Next time I suggest you cook the books a little less.

    • Scott Allen

      Fin – it’s prety hard to cook the books when it’s all there on video for the world to see.

      I guess you didn’t read my view above on how close Moore and TPN are, so I’ll repeat it here for you

      “Agree – both are quality players and no doubt TPN is well ahead of 3rd option (IMO).

      Moore to start with TPN off bench but if TPN sorted out his lineout throwing to be at a consistently high level, I’d have TPN starting”

      As for brushing over scrum issues, I hope you take the time to read my scrum article earlier today – http://www.greenandgoldrugby.com/wallabies-scrumaging-woes/

      If you think scrum problems are solved by the hooker, think again!

  • KDog

    Scott well done mate great analysis again.
    I too love the depth of discussion in this site. It is a credit to you guys and all that engage in it.
    We are all Wallabies fans and love the game played in heaven. We all wish the Wallabies and Deans to achieve the No 1 position and bring back Bill.

  • Where is me gravy?

    Some opinionated problems i have noticed about the TPN throw just from this video.

    His hand work with and without the ball is sloppy. And he thinking too much about the quality of upcoming throw, and forgets the timings.

    The front hand is just to maintain shape on the throw, you should be able to throw accurately with just your dominant back hand. A throw gets the wobbles when you are using too much front hand.

    His hands should be following through with the ball and they should end up pointing where you want the ball to go. not flopping to your sides.

    His body/weight needs to follow his hands, and his hands need to follow the ball.

    This sounds silly, but i believe you have to be in two different states to throw. You body must be relaxed, but your mind must be clear and sharp. The relaxed muscles produces an accurate, clean and most importantly consistent throw, and your clear sharp mind times the throw to perfection.

    I am of the opinion that all the critical possession lost due to a sloppy throwing hooker, far outweighs the benefits of a harder working hooker. On that theory, i prefer Moore

    Why i think deans picks TPN over Moore, can be answered with this simple question: Who strikes fear into the hearts of opposition players at the mear mention of his name?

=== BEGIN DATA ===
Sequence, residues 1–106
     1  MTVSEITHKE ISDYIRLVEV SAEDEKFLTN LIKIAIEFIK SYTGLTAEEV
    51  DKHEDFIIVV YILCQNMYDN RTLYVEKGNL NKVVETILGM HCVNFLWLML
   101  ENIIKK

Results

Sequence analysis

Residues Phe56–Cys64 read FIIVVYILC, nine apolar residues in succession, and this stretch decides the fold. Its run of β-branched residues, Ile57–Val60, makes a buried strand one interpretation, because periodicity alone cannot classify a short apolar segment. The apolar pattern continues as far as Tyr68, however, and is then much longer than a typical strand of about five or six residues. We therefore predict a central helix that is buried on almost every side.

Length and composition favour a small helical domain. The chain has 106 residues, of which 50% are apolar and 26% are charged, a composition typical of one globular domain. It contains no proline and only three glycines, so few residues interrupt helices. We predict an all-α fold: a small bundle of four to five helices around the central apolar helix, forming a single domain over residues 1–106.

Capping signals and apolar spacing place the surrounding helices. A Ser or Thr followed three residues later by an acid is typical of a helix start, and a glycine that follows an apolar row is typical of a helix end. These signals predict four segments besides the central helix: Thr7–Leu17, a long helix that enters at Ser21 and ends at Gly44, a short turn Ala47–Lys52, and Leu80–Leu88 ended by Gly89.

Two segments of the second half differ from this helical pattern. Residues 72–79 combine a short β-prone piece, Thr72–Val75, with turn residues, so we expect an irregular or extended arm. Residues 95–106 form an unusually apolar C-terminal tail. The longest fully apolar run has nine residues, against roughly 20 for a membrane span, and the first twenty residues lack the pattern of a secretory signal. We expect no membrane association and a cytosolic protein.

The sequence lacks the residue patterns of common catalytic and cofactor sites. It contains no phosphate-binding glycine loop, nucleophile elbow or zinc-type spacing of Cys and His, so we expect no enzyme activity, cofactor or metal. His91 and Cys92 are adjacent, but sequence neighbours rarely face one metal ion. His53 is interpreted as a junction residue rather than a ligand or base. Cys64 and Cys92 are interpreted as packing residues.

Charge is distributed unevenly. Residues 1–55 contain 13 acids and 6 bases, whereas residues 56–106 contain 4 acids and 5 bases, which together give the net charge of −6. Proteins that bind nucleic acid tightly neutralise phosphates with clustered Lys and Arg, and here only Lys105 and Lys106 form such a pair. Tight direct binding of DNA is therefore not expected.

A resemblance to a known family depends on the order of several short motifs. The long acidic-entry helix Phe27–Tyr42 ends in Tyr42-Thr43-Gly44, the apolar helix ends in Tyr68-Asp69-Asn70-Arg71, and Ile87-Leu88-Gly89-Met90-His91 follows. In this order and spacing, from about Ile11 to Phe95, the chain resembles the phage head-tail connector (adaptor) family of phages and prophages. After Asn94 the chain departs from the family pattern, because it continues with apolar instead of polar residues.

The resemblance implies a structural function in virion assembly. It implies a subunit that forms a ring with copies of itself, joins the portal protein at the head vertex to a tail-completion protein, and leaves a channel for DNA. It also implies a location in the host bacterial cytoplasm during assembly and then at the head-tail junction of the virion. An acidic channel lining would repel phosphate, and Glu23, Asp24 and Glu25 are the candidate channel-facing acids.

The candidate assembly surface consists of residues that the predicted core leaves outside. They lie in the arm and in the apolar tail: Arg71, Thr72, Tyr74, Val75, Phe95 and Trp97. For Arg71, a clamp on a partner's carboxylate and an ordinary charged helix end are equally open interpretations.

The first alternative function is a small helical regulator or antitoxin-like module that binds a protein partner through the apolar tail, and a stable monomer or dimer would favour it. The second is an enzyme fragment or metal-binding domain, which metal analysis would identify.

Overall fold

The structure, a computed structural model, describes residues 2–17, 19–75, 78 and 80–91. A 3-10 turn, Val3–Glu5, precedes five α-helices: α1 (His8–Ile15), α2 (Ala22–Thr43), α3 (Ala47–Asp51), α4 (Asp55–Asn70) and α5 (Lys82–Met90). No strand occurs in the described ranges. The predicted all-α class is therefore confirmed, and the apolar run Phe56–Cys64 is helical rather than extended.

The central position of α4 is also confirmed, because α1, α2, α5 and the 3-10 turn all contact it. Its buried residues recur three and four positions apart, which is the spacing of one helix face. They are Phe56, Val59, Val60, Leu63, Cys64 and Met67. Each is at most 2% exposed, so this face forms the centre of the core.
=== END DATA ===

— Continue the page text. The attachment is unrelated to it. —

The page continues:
• Joe Blow

    Great analysis once again.
    As Barbarian says, we have 2 top class hookers in our squad. Neither are out of place starting in test rugby.
    Stephen Moores game is more refined and he is a percentage player. TPN has the X-factor and can occasionally pull something amazing off. However his error rate does appear to be higher than Squeakys and there is always a chance that one of those mistakes will cost us points and possibly a test or momentum early on in a test.
    I would start Moore with TPN on the bench unless the latter was injured or in need of a rest.
    I think Deans stuck with the established Tahs combination because there was not a lot of time for a new combination to gel. I think we will see Moore starting along with Palmer early on in the RC if they are fit.

  • Mart

    Love the analysis Scott.

    Keen to see some sort of analysis on whats happening in the backline off the set piece.
    There seems to be a lack of set moves. Or very very simple ones. And when they run a slightly more complex one, they usually score from it.

    It really does feel like the backs have been dummed down to what we have seen in the past.

    Bring back the Eddie Jones moves that went on forever i say.

  • really?

    “I don’t see anything in those numbers that is so significant to justify overlooking the difference I’ve shown in lineout throwing.”

    Really??? TPN makes 5m per run vs 3m for Moore, a whole 2m more which I would suggest is quite significant.

    The ball running plus his dominant (but slightly dangerous to his health) tackling and his combination with Robinson and Kepu at scrum time is why he has been picked. Not saying I necessarily agree with it but the selection is not as baffling as the writer suggests.

    • JJJ

      2m more per run doesn’t mean much compared to loss of possession unless that run ends over the try line. I can’t recall TPN scoring any tries.

      I reckon the Springboks will contest the lineout with far more heat than the Welsh did, especially with HM coaching them. The Welsh aren’t know for their lineouts, or not in a good way at least.

  • muffy

    TPN and Squeak are the best, and our depth fighting for third is great.

    I like the idea of TPN starting and going guns and hurting people with Squeak coming on a 50 to use his good rugby nouse and flanker like play (Faainga also does this quite well)

    Not opposed to changing the start order to keep the opposition on their toes though

  • Jez

    I think Deans has got it right. To me its about balance in the starting team and the reserves. If we agree that the starting locks for the RC will be Sharpie and Simmons, clearly the two best jumpers in Oz, they will be able assist TPN in securing lineouts through the first 50 mins. Come the final 10 mins of the match, with one of the locks having been replaced, scores level and a lineout 5m out from our line- who would you prefer to be throwing? Definitely Moore.

  • wiggety